The style that FC Cincinnati used to beat the New York Red Bulls, ensuring their best ever week in MLS after the win against Atlanta United, and sending the Red Bulls out of the tournament, isn’t a style that can be described as exciting or pleasing. Such a defensive style, which sets out simply to keep the other team from scoring and relegates attacking play to a hopeful toss of the dice with two or three attackers each time, is normally described as boring and anti-football (or anti-soccer).
But while the style may not be the most aesthetically impressive, what Cincinnati achieved was. They managed to not only survive but to succeed through a fascinating effort of faith.
Cincinnati as a team had to make a decision on what they wanted to be after the first match of this tournament, a 4-0 loss to Columbus Crew. Trying to play an open and attacking style led to embarrassment against their biggest rivals, so it was either they continue down that path in hopes that it will lead to success, or reckon with their limits and work from within those limitations. Jaap Stam and his men went with the second option. The choice immediately led to arguably the biggest victory in their history, against 2018 MLS Cup champs Atlanta.
I call such an act of concession and admission of a team’s weaker nature an effort of faith because while each style of soccer needs trust and confidence from and between teammates and coach, the type of defending that Stam has asked his players to do pushes for a much higher level of that confidence and trust. It asks for the players to give up so much of their natural inclinations and hopes for the greater good. A super defensive style is almost self-destructive by allowing the team to come under constant attack. It’s a very delicate tactic, which can only be successful through an intense focus and incredible work rate that’s underlined by a collective belief.
An outright defensive style asks the attackers to no longer attack, or at least for them to become auxiliary defenders and only attack as sparingly as possible. It asks the midfielders to become workhorses, to shuffle from side to side, closing down and tackling any would-be threat and blocking potential passing lanes. It demands from the defenders an incredible amount of concentration.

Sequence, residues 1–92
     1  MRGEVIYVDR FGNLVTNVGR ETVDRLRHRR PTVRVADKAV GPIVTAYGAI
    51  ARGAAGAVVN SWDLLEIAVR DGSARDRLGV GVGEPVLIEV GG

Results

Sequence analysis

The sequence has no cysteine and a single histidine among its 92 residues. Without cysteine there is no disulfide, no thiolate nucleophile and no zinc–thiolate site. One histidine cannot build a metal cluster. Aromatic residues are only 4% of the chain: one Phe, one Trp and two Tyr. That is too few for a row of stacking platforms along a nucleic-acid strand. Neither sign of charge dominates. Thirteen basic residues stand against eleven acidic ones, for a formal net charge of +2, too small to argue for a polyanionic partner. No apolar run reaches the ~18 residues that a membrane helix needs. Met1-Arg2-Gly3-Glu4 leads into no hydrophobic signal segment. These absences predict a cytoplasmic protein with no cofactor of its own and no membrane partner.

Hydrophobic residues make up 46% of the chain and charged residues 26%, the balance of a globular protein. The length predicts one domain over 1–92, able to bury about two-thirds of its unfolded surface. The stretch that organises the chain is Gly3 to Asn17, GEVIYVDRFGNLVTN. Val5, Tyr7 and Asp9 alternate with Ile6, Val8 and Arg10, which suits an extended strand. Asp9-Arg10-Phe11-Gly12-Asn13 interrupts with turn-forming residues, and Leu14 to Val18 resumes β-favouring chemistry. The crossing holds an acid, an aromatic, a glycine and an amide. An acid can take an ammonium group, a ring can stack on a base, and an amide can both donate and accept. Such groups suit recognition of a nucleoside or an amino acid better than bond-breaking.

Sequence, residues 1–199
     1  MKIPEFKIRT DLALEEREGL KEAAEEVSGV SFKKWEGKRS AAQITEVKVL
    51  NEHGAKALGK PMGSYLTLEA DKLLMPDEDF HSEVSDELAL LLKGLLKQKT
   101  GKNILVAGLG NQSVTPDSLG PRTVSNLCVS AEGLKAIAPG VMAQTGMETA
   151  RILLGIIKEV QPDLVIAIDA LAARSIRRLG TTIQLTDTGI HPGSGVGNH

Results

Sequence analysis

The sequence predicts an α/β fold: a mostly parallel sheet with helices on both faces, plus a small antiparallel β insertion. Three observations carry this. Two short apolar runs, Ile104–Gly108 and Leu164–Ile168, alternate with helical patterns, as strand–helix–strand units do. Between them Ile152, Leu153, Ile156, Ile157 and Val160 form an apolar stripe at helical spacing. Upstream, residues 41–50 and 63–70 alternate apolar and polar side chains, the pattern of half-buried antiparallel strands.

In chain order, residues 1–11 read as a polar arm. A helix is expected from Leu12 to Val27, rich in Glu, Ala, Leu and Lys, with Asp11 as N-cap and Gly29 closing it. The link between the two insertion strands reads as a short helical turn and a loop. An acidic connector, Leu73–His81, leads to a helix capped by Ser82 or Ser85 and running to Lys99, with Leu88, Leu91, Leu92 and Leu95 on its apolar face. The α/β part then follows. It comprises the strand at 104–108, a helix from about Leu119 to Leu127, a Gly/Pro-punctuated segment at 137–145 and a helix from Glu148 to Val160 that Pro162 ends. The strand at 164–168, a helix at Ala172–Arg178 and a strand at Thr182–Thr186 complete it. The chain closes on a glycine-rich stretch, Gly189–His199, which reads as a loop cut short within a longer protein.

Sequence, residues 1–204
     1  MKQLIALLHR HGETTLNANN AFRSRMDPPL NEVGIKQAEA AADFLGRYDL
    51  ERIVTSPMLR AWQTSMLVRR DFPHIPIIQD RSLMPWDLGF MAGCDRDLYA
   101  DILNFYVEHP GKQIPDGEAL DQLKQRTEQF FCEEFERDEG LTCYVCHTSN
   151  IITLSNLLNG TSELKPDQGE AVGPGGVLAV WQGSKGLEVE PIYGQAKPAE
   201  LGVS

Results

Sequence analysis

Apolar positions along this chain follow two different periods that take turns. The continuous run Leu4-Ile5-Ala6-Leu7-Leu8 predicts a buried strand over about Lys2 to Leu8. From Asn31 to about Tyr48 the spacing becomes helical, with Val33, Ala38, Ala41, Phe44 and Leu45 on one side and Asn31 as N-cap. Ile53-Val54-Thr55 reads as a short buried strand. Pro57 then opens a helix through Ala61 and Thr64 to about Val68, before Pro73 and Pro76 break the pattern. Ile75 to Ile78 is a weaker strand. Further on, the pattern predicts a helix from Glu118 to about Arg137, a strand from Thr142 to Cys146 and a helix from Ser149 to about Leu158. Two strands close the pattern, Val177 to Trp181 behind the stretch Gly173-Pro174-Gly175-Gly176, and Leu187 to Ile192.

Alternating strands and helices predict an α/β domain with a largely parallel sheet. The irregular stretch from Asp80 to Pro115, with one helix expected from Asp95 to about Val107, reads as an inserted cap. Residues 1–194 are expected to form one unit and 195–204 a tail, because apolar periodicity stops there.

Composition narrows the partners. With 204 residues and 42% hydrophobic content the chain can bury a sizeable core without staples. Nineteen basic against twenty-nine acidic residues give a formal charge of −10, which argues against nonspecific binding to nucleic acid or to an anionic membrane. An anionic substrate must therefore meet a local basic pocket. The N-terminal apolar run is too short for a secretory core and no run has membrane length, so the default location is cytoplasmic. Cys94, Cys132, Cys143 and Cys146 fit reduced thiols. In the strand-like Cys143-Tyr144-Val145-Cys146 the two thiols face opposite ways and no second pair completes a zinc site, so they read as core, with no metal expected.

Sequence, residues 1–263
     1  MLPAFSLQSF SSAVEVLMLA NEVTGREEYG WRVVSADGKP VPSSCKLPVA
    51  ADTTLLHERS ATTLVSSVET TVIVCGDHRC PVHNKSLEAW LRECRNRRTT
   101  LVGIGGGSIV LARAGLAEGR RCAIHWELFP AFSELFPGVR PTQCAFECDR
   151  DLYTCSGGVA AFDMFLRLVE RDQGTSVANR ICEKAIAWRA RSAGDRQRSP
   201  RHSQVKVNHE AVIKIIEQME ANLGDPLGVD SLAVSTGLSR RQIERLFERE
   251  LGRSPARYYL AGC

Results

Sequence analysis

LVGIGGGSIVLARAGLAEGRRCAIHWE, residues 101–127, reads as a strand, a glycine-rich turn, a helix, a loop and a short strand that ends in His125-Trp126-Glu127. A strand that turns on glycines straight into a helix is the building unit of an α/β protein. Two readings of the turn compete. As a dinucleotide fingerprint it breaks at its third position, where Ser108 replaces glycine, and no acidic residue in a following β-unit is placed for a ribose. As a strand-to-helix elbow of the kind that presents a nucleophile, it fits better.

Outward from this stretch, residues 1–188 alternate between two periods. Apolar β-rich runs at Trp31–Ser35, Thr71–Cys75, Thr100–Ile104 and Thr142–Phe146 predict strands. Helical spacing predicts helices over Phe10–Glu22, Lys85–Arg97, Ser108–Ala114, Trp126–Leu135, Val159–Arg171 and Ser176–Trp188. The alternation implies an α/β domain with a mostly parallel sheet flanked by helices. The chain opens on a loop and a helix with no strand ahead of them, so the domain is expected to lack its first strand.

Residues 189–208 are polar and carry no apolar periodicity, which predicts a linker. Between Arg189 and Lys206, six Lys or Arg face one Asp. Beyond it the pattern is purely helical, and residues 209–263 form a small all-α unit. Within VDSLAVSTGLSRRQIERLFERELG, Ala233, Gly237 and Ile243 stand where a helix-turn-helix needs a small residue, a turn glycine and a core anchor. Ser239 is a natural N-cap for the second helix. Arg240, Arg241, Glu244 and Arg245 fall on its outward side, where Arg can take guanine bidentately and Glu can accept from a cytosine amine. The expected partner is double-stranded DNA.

All these different types of players also have to work as one defensive body, constantly covering for each other, rotating in and out of positions, because mistakes will happen, threats will come, but the point is to make sure that there are at least one or two contingency places in place when those mistakes occur. Then there’s the goalkeeper, who must be on high alert in a way that even the best of them usually isn't — required to be tuned in for the full 90 minutes with no break as his the team actively invites pressure.
Highlights: FC Cincinnati vs. New York Red Bulls
In such a style, each individual has to transcend themselves, has to give up their desires and suppress their frustrations for the benefit of the team. It’s not a simple thing, and fans tend to underestimate how difficult it is to convince professional players, who are as egotistical as they come, to accept that they are not as good as their opponents and then to play to that knowledge. The wonderful thing about such an effort of faith is that it will be the building block after this tournament for Stam to develop whatever attacking philosophy that he wants to afterward.
"From that [Columbus] loss we spoke about it, trained a little bit different in the system we need to play," Stam said in his post-match press conference. "What’s for now the best way to play that gives us a little bit of success and gives us confidence and then we can start building from there and that’s what we’re trying to do."
While an effort of faith, it’s also one of luck. The players and managers have to believe that it will work, but because of how risky such a tactic is, there’s also a great deal of fortune that goes into that success. Though the team takes away the best attacking options for their opponents, soccer is a game where the ridiculous is also commonplace.
All it would take would be for a penalty in the dying minutes to be conceded, a long-range shot to go in, or a fluke deflection goal, and a loss after defending for most of the game, for the doubts to creep in with the players. Especially in a tournament where a loss or two could be fatal. Cincinnati managed to ride that luck in the last two games.
But there is another element to such a performance. The defensive style might not be entertaining, but what Cincinnati did is heroic. A team deciding to defend for most of the game and scoring from rare chances, would be condemnable if the team had the capacity to be better. It would become reductive. Cincinnati doesn’t right now. At least not with a brand new coach and against the opponents they have faced so far. But heroic stories aren’t always about an individual or group exceeding themselves to achieve a goal. Sometimes they have to go in the opposite direction.
Sometimes what is heroic is a team recognizing what is possible for them, and instead of fatally trying to be more, they accept their reality and do what is necessary. Stam asked his players to fight for and have faith in each other, to hassle the opposing players, prevent clear chances and then take whatever opportunities the game grants them on the other end.
It wasn’t pretty, but it was intelligent. It wasn’t what is seen as entertaining soccer, but it has led to the best success in Cincinnati’s short history. For a team that needed some success, something to believe in, these last two games and progression to the knockout stages, their effort of faith, has given them and their fans happiness and a path forward.